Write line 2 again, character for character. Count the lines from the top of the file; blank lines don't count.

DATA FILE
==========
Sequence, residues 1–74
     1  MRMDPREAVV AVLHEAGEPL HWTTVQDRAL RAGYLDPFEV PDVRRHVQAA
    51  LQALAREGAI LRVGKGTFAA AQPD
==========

     1  MRMDPREAVV AVLHEAGEPL HWTTVQDRAL RAGYLDPFEV PDVRRHVQAA